Why can't I get the best of both worlds from my peripherals?

Summary:Computer peripherals don't seem as good as they did at the turn of the century.

I've just bought a new keyboard and mouse to go on my new system.  I decided that after several years of service it was time to replace my trusty keyboard and trackball.  I'm not precisely sure how many years I had the old keyboard/trackball pair, although I'm know that they outlived two, if not three, PCs systems because I bought them at the turn of the century (hehehe, been wanting to say that for a while!).  While the new peripherals I've got are OK (not great, or brilliant, just OK), I was surprised at the lack of choices available compared to when I bought the old peripherals.

There's nothing technically wrong with my old peripherals.  The old keyboard (a Microsoft Office Keyboard) has stood the test of time well, allowing me to hammer at it day in, day out while giving it very little care in return.  It even had a few close encounters with a number of different beverages and survived.  It still worked pretty well, although a couple of the keys had become sticky so they went down with a thud when you pressed them and no amount of cleaning seemed to cure that.  But all in all, I think I got my money's worth out of it.  Same goes for the trackball I've been using (a Microsoft Trackball Explorer).  This again has been an overworked and undercared for piece of kit.  I'd occasionally remove the ball and give the insides a quick clean out, but that was the extent of the care that it got.  Again, the trackball is functionally OK, it's just that it's got to the point where no amount of cleaning will remove a feeling of stickiness in its operation.

I'd expected to be able to buy a keyboard and trackball that were similar to what I already had, just better. 

I was wrong.

First, all decent trackballs seem to have gone the way of the dinosaur.  Yes, Logitech do make one, but it doesn't have anywhere the same level of features that my existing Trackball Explorer had (no scroll wheel and fewer buttons, to name two features that seem lacking).  I converted to a trackball years ago because I found that they were a lot easier to use than moving a bar of soap across a plastic mat.  However, given the poor show put on by Microsoft and Logitech with regards to trackballs, I had to abandon my plan to buy a new one.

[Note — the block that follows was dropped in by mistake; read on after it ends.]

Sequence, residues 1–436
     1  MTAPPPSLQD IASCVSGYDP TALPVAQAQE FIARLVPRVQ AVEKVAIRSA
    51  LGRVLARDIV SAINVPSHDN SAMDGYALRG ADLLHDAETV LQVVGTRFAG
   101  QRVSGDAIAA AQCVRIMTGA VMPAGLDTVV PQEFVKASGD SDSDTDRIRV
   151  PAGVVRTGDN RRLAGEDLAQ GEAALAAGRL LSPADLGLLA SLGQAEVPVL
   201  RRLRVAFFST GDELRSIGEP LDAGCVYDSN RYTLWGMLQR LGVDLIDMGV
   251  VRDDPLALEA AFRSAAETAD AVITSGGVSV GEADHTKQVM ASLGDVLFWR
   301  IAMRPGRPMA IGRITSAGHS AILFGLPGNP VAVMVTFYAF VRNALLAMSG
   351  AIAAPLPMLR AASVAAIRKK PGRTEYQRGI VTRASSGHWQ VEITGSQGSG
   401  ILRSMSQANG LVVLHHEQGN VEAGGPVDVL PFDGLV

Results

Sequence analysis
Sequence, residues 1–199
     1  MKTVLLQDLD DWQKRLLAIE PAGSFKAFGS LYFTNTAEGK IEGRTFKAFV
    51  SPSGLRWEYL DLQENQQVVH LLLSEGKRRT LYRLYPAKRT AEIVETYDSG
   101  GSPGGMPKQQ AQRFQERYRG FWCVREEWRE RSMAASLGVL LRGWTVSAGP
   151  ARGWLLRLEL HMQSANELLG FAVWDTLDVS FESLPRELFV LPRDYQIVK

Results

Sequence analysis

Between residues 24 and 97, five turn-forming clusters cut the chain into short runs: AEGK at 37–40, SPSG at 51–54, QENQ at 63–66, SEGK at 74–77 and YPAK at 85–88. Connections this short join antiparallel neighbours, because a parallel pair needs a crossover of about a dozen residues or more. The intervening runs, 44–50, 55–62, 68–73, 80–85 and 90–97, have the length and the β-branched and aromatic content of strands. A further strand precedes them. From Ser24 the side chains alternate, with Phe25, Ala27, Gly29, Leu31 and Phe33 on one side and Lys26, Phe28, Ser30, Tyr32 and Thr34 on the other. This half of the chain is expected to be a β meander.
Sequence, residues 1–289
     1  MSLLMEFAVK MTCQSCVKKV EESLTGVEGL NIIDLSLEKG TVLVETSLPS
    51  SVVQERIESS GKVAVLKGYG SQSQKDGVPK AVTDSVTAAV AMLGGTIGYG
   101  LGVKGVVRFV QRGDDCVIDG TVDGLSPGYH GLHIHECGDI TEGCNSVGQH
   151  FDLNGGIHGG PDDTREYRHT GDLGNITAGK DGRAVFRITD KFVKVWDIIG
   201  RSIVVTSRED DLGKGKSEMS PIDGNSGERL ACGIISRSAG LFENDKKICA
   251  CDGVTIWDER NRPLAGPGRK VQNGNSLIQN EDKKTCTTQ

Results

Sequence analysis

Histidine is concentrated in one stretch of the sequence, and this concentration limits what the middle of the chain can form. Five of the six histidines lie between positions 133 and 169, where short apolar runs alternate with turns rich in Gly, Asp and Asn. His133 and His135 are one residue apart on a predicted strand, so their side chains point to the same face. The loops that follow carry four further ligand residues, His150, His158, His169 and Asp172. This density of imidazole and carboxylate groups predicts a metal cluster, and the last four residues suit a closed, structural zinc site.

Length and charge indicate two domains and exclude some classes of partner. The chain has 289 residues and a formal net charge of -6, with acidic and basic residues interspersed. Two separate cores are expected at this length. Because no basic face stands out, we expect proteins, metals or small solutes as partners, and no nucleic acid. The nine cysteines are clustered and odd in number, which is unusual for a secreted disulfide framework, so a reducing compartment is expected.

Second thing that struck me is the level of "either/or" choices that customers have to contend with.  For example, I'm not all that thrilled about the idea of a wireless keyboard, but since the majority of keyboards that I looked at were wireless, I seemed to be forced down that avenue.  Why can't I have a keyboard that is wireless but has wired capability?  Seems simple enough to implement and it wouldn't cost much extra but it would add a great deal of flexibility. 

And what is it with the dual nature of function keys on keyboards?  The standard F1 through F12 have been replaced by keys that have alternative default behavior.  I like the F-keys and I use them a lot, but thanks to the fact both Microsoft and Logitech’s desire to leave their mark on the system, I'm forced to have to press a separate ‘F lock’ key in order to get back this functionality.  This feature is a real pain when you want to press, say, F8 at startup to get into Windows safe mode. 

I looked at keyboards outside of the Microsoft/Logitech range but I couldn't find anything I liked there either, so in the end I went for a Microsoft Wireless Multimedia 1000 keyboard and a Microsoft Wireless Laser 6000 mouse.  The feature I really like about the keyboard is that it is designed to handle spills and the keys feel nice and are quiet.  It doesn't have any of the normal caps lock, num lock and scroll lock LEDs on it (I guess the designers thought that that three LEDs would consume too much power for a wireless device).  These features may be present in the IntelliType software (I'm thinking some kind of on-screen prompt), but I can't install that onto Windows Vista because it doesn't recognize the OS.  The Laser 6000 mouse feels lightweight and is very responsive, but it does run off batteries, and since the laser light is invisible (not the red light that I was used to), it could be hard to tell when the battery is dead and needs replacing.  Also, the two devices run off separate wireless USB dongles, which seems a little clumsy to me. 

I really thought that I'd have much more choices when it came to peripherals, but it seems that over the past few years, choices are something the big names just don't want customers to have.

Topics: Hardware

About

Adrian Kingsley-Hughes is an internationally published technology author who has devoted over a decade to helping users get the most from technology -- whether that be by learning to program, building a PC from a pile of parts, or helping them get the most from their new MP3 player or digital camera.Adrian has authored/co-authored technic... Full Bio

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